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Kanien’kéha language program transfers to Kanesatake

Courtesy Kanerahtenhá:wi Hilda Nicholas

The Kanien’kéha Adult Immersion Program in Kanesatake is collaborating with McGill University to instruct and certify 10 Indigenous language teachers in Kanesatake.

“We’ve had so much interest. It’s incredible,” said Kanerahtenhá:wi Hilda Nicholas, director of the Kanesatake Language and Cultural Centre.

The program and waiting list filled the same day it was announced last week, on April 26. While Nicholas was speaking to The Eastern Door for this article, another prospective student came to the centre to inquire about registration, only to have to be turned away.

“I wish I could accept everyone who wanted to get into the program,” said Nicholas. During her 30 years at the centre, Nicholas said the certified teachers were usually quickly hired by different organizations after graduation.

“As soon as these graduates graduate, other services grab them. There’s a need for them. So it’s just we can’t produce speakers fast enough,” said Nicholas.

While interest in the community is high, teaching staff and financial resources are limited. The 60-credit program, the Certificate in Education for First Nations and Inuit Program, Specialization Language and Culture, will consume all the centre’s resources for this one cohort.

The three-year program beginning this September is set to run Monday to Thursday, from 9 a.m. to 4 p.m., along with evening classes. Committed incoming students will receive a stipend of $17 an hour to participate in the program.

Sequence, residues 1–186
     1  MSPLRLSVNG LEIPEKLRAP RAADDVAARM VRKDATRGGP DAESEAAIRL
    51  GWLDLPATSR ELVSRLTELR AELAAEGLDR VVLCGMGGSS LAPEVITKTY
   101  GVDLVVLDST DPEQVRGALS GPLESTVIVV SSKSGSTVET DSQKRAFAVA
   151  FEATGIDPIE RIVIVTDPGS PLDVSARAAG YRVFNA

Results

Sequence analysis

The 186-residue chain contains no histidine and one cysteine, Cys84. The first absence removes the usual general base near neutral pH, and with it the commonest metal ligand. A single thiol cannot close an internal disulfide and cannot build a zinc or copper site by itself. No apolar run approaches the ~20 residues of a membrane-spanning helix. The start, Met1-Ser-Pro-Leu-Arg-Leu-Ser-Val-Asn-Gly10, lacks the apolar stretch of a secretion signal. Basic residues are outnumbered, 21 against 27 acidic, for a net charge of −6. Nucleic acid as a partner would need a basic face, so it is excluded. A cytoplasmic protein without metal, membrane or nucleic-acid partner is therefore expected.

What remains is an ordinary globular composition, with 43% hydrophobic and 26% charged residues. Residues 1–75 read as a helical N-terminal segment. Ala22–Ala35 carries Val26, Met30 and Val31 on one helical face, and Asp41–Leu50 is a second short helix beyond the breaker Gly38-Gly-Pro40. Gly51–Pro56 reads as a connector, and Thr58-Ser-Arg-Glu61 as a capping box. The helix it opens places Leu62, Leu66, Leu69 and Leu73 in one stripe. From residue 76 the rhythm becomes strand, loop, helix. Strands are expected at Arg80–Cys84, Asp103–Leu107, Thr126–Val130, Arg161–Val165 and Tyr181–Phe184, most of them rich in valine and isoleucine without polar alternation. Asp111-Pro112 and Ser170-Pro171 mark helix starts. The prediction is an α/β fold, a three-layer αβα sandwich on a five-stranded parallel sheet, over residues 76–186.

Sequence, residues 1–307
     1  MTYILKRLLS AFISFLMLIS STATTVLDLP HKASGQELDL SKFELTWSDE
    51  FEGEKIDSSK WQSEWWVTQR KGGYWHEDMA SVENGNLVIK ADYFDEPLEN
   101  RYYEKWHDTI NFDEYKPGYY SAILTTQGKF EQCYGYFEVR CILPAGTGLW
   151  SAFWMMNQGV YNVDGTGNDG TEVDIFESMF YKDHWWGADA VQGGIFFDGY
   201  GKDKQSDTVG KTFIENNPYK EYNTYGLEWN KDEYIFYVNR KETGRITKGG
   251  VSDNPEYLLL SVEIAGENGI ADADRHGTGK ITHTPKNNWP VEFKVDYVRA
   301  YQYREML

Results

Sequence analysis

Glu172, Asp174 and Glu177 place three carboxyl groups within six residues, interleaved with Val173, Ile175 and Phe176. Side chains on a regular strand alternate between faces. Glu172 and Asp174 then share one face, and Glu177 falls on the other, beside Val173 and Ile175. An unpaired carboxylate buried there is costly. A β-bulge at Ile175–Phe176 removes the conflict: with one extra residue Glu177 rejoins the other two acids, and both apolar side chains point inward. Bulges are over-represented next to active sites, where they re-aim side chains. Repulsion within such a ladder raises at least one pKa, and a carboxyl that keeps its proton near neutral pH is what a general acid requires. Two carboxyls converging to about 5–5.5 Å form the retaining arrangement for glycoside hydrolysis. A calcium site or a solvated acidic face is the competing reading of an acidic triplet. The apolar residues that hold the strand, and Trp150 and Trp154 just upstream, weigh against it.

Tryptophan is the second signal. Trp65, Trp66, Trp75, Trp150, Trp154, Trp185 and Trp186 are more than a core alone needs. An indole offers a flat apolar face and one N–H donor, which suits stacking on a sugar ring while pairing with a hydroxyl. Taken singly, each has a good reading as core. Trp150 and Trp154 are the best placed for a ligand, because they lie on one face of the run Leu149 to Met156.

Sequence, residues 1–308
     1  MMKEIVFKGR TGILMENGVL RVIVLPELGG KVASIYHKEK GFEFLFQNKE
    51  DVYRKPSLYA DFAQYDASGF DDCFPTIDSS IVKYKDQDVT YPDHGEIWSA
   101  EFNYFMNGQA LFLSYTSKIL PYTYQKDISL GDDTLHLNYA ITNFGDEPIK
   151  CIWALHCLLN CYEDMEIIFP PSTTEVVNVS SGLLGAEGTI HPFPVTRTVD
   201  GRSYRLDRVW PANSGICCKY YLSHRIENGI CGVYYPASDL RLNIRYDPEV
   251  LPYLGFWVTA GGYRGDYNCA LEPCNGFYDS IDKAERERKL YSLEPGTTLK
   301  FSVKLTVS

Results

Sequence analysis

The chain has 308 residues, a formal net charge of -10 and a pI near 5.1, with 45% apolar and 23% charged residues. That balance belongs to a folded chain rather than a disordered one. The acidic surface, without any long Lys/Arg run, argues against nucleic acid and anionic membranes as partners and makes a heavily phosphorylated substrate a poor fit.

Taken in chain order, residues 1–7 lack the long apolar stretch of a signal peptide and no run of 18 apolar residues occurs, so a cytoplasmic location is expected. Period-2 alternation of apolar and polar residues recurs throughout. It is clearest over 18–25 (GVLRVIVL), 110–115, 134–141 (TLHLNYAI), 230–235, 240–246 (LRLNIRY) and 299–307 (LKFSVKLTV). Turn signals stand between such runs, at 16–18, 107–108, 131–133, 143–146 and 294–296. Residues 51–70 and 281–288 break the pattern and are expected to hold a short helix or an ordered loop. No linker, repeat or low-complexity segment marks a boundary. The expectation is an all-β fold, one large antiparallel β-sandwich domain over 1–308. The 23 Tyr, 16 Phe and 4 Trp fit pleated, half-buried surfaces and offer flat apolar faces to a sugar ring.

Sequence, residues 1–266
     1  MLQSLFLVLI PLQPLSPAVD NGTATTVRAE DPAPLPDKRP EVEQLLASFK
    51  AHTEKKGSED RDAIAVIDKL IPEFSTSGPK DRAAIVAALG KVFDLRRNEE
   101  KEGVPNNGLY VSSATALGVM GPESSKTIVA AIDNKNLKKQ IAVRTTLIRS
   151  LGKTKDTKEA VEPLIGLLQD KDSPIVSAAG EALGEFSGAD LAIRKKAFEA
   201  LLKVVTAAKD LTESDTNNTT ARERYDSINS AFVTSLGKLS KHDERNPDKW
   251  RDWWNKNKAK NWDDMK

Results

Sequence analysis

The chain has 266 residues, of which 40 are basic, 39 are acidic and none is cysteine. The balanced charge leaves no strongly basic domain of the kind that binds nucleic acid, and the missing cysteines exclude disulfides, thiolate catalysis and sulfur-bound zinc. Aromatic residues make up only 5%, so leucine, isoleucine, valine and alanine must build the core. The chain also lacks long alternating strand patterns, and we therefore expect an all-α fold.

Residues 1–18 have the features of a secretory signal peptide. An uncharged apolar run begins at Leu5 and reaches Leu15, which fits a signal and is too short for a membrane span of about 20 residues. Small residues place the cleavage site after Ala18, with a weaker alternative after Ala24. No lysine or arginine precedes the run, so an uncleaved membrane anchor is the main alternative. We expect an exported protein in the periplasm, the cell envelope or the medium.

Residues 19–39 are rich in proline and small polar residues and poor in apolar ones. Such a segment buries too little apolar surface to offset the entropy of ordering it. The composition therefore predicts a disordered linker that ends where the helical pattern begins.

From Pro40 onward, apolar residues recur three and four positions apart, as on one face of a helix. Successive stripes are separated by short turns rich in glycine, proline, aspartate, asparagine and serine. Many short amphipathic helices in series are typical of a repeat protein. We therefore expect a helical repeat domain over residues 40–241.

“If I had the money, it would be a lot more than $17 an hour, that’s for sure. It’s hard work. Learning a new language is very, very hard. And it takes a lot of dedication,” said Nicholas.

Courtesy Kanerahtenhá:wi Hilda Nicholas

Elementary and high school Kanien’keha instructor Tiohentathe Brenda Etienne said the community is not only in dire need of traditional language teachers for future generations, but also for current students.

“I’m so thrilled that this is happening. I can think of retiring,” said the 65-year-old teacher.

Many of the language teachers in the community have neared or are past retirement age in the language program, staying on to pass on Mohawk tradition.

“This is a great succession plan. And it’s a great relief to me, and I’m sure other Kanien’kéha teachers will fully agree it’s a great thing,” said Etienne.

She is a class of 1993 graduate of the McGill program for First Nations Education. At the time, students in the community had to commute to the downtown campus and rely on the limited stipend, which she said is necessary to ensure the success of the students.

“It’s such a balancing act for them because they could have to put bread and butter on the table,” said Etienne. “It’s a matter of all you have to feed your babies and your family. So you can’t just quit work and go (study for) three years or four years.”

McGill University did not respond in time to a request for comment for this article.

The program will run jointly with the Mohawk Language Custodian Association (MLCA) and McGill University, in collaboration with various Kanesatake organizations such as Kanesatake Education Centre, Kanesatake Health Center, and the First Nations Education Council.

While the program is already full, registration officially ends today (Friday).

“We are thrilled at this opportunity, and I wish the best for the incoming class,” said Nicholas.

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Hadassah Alencar
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